Transit of Mercury across the Sun’s disk

Transit of Mercury November 11, 2019

On Monday morning, November 11, 2019 the next transit of Mercury across the Sun’s disk will occur. The planet will spend over 5 – 1/2 hours silhouetted against the Sun’s disk. The transit is visible, at least in part, across North and South America, Europe, Africa, the Middle East, and Antarctica. For Prairie View, Texas (located an hour’s drive west-northwest of Houston, Texas), the Sun will rise with Mercury already in transit; local sunrise happens at 6:46 am (12:46 UT). Greatest transit happens at 15:19:47.7 UT (9:19 am) when the center of Mercury will be 75.9 arc seconds from the center of the Sun’s disk. More information about this transit can be obtained at the “EclipseWise” website. This will be the last transit of Mercury visible anywhere on Earth until 2032.

mt36 Image by Brian Cudnik with the Prairie View Solar Observatory’s 35-cm solar telescope, Nov. 15, 1999.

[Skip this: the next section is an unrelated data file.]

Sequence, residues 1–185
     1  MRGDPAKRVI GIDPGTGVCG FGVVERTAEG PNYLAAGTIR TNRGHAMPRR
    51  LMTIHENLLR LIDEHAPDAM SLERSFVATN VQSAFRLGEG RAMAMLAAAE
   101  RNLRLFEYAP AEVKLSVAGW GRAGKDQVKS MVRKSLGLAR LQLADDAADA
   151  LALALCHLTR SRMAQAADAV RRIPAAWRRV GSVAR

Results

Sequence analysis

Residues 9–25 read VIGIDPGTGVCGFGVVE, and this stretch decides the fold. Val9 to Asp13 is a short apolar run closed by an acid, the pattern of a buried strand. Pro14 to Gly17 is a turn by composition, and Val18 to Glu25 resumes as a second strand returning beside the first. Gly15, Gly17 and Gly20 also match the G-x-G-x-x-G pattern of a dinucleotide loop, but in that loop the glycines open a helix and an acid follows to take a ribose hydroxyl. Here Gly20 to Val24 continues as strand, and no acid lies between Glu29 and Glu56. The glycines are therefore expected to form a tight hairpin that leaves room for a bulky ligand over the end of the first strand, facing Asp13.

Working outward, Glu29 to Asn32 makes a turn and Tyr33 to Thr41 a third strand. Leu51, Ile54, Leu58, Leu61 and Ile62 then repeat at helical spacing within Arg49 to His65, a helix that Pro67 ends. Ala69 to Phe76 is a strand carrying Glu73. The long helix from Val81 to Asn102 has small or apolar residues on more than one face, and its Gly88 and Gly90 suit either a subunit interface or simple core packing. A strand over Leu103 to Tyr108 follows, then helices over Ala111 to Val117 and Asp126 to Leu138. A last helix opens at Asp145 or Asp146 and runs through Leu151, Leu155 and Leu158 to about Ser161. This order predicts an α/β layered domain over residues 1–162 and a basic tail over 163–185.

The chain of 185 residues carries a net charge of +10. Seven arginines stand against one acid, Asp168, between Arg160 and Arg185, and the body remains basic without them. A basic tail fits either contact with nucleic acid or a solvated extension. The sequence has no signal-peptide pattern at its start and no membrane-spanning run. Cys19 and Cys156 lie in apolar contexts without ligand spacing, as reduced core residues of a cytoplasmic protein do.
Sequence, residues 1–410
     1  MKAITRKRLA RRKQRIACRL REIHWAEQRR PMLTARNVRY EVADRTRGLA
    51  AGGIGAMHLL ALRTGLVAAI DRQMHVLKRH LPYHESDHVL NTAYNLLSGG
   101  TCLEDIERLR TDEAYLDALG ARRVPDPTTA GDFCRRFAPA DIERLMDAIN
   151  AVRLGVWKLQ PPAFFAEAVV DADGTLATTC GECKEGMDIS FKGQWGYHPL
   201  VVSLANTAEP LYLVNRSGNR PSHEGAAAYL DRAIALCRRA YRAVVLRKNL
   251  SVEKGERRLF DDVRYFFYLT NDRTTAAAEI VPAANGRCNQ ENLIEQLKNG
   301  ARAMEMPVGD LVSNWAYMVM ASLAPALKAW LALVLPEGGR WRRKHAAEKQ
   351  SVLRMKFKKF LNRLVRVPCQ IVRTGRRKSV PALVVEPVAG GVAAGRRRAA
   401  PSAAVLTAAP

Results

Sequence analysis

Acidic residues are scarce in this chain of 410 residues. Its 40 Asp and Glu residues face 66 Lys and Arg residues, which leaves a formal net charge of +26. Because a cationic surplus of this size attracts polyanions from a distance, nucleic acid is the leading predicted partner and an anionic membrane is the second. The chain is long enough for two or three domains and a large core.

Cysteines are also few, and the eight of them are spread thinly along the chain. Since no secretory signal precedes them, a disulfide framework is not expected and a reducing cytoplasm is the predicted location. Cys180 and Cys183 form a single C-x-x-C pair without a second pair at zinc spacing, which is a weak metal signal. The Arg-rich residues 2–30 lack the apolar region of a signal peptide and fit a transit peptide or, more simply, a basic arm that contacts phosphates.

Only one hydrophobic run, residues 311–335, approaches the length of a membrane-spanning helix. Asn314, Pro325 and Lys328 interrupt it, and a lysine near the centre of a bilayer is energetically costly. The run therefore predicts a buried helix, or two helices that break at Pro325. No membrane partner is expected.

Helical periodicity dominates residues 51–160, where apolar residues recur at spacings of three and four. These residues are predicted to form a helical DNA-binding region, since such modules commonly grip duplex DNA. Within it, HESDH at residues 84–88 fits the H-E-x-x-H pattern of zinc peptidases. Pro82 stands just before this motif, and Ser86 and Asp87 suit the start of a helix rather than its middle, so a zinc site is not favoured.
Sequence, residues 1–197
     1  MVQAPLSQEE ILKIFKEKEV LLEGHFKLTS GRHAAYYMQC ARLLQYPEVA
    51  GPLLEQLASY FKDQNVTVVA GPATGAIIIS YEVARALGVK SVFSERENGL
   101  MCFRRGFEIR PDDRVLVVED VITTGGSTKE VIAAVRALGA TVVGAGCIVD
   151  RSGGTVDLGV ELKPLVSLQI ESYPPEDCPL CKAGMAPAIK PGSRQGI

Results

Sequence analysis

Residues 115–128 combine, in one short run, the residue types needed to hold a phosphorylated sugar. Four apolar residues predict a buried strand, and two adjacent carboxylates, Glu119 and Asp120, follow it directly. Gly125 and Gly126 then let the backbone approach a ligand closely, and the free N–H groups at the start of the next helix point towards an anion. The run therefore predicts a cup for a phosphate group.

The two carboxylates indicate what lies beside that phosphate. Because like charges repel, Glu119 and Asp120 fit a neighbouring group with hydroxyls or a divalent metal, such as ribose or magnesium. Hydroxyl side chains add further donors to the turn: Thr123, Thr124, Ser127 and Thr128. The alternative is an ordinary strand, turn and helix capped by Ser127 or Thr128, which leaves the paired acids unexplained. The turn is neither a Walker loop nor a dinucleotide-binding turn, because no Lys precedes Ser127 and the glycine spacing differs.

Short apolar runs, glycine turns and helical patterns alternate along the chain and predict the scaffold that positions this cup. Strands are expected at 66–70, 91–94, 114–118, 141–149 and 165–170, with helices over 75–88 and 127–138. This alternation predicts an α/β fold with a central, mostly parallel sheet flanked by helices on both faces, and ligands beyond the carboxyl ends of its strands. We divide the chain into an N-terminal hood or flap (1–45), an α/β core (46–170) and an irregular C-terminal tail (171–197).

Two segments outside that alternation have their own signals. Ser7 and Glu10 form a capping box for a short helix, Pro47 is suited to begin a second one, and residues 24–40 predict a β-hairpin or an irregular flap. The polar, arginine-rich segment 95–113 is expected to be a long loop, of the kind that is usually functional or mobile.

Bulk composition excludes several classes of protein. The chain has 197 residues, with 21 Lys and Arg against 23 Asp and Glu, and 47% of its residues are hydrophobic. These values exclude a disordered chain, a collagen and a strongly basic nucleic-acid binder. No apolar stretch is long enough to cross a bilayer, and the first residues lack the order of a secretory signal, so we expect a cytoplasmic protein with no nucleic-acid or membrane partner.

Transit of Mercury May 9, 2016

The last time Mercury crossed the Sun’s disk, we observed it from the PVAMU campus . Weather prospects were not very good so the setup to observe this was limited to a white-light solar filter equipped 4.5-inch reflector and eyepiece. Images were made afocally via smartphone. A total of 18 persons were treated to the view over the course of the day, during several short sessions which coincided with breaks in the cloud deck. This transit of Mercury was the first such event (of Mercury) in 10 years and the first planetary transit of any kind since the Venus transit of June 6, 2012. For lots more information about this event, visit http://eclipsewise.com/oh/tm2016.html.

Images from this event are presented below.

Mercury Transit 1431UT 9 May 2016 Mercury Transit 16-47-59UT 9 May 2016
2016-05-09T170053UTC_Prescott_Observatory_Arizona_8c5RHm Mercury Transit 18-36-53UT 9 May 2016